My little sick bee
The bees are “bee-coming” my new obsession. I have had them for 13 days now and my morning routine has incorporated a new daily “buzz” along with my cup of coffee. Listening to them waking up as the spring rays of sunshine warm their home and watching as a brave little forager peeks out and flies off into the sky…soon to “bee” whereabouts unknown.
Thus begins my new worry! I found a little bee outside the hive this morning. She was still alive, but obviously affected by the chill air. I scooped her up in my hand (no, they don’t sting unless they feel threatened) and took her inside to give her a dose of sugar water in hopes it might revive her. Watching her closely though, I became concerned as I noticed she seemed to have difficulty moving her back legs – almost like they had become partially paralyzed. She also kept wiping her antennae and face, going over and over her eyes again with her forelegs like she was trying to clean something off that I couldn’t see.
Sadly, I placed her in a plastic dish with some tissues and set her in a warm corner of the kitchen. Fearing that my efforts to help her were in vain, I set out for a morning walk to get some fresh air. The sun was out, hopefully forecasting a good day
Rounding the last corner in my neighborhood walk, I noticed a strange odor in the air and saw someone spraying a driveway. Taking a detour to investigate, I asked the people working what they were spraying. The lawn company owner told me it was “a generic brand of Round-UP. “ He assured me that it was totally safe and wouldn’t hurt anything. “Everyone uses it!” But I wondered more about this as I walked home. The driveway angled right down to the ocean. Even if the active ingredient, glyphosate could be stable in soil, what other ingredients had been mixed in to act as a wetting agent. Often times, these supposedly “inert” ingredients are as harmful or more harmful than the active ones. Some mix the glyphosate with surfactants which are very harmful when they get into marine ecosystems and dangerous for bees that might come into contact with them.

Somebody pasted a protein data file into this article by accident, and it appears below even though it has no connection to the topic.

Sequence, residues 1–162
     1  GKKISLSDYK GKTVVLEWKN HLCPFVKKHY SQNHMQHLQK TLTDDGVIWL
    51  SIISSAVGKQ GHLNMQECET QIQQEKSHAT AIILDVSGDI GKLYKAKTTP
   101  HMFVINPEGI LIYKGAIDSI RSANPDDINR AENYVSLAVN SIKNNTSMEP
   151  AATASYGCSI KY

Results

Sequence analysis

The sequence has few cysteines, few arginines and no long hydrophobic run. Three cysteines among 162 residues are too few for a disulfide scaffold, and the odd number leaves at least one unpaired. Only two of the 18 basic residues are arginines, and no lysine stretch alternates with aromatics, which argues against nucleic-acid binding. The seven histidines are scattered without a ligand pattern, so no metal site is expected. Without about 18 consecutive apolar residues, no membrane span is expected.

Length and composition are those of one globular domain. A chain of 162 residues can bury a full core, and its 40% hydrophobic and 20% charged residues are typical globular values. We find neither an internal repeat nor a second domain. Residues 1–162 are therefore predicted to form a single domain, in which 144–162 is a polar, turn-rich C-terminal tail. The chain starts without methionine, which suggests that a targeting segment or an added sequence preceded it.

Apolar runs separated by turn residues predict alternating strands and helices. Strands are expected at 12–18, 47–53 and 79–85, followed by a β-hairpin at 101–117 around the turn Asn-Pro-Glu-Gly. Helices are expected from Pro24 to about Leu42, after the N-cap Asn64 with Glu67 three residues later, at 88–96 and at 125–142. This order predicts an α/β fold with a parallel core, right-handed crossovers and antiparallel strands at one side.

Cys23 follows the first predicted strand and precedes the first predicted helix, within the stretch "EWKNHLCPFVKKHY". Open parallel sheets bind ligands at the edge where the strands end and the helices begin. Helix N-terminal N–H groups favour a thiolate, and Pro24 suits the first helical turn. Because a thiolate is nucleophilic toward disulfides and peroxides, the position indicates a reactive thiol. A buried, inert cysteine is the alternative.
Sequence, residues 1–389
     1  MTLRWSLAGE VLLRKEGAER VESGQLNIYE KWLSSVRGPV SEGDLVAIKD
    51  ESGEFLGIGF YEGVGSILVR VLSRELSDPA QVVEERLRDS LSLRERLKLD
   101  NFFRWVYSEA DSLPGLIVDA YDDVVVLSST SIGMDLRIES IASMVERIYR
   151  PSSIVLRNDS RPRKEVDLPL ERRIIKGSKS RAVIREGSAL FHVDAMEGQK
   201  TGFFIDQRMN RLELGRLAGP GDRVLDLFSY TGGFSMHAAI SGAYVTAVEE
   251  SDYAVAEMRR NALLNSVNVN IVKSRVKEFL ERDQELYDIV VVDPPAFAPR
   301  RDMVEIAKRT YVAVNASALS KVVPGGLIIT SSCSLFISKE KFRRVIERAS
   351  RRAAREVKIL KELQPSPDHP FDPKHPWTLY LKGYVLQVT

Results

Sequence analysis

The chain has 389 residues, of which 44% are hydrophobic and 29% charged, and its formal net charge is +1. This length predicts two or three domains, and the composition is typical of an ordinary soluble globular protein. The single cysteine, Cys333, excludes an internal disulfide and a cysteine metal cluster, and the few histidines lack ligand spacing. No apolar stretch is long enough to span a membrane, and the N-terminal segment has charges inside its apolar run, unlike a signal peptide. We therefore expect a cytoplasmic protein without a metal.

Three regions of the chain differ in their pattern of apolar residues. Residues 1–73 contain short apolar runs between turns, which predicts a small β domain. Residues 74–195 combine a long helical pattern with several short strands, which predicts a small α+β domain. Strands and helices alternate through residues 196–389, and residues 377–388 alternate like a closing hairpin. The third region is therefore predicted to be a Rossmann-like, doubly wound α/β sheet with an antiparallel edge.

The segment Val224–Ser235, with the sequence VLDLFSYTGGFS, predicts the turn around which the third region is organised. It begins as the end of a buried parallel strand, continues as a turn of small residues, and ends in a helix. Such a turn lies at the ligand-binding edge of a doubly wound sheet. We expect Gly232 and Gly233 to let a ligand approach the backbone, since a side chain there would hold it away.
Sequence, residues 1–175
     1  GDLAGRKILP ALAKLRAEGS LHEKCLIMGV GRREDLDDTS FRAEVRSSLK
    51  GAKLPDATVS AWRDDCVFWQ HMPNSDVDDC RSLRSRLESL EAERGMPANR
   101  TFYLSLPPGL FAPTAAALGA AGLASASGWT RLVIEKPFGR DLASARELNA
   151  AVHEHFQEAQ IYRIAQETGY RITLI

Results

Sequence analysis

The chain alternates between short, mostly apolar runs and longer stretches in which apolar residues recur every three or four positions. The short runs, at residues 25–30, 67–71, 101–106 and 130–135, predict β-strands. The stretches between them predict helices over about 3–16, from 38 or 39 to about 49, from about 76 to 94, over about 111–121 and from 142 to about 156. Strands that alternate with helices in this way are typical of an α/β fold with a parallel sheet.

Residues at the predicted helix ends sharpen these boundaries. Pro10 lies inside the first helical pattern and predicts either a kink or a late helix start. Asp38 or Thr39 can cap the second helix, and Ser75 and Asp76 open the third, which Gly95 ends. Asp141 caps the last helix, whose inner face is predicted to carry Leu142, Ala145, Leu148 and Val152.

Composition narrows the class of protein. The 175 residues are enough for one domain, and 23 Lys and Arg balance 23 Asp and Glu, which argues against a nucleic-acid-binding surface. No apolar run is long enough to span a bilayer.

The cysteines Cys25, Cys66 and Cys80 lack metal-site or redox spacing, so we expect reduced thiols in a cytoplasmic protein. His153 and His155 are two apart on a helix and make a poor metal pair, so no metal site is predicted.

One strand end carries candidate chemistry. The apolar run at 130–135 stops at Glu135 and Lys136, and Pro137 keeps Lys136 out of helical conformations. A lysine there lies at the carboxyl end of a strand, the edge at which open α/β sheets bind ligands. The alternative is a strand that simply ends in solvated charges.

Back at the house, I thought more about these chemicals in our environment. What about my little bee that was sick? Had she visited a site where someone had sprayed toxic chemicals? I probably won’t know where she traveled (they can visit area between 5-8 miles from their hive) or what made her sick, but I felt awful that she was obviously in distress and there was nothing I could do to help her. Maybe though, someone reading this will change their habits and help out our friends, the bees. But not only bees…birds, fish, and other living things that share our environment will benefit when we begin to change. Weeds in our driveways will seem silly one day when we don’t have fruits or vegetables to eat or clean water to drink.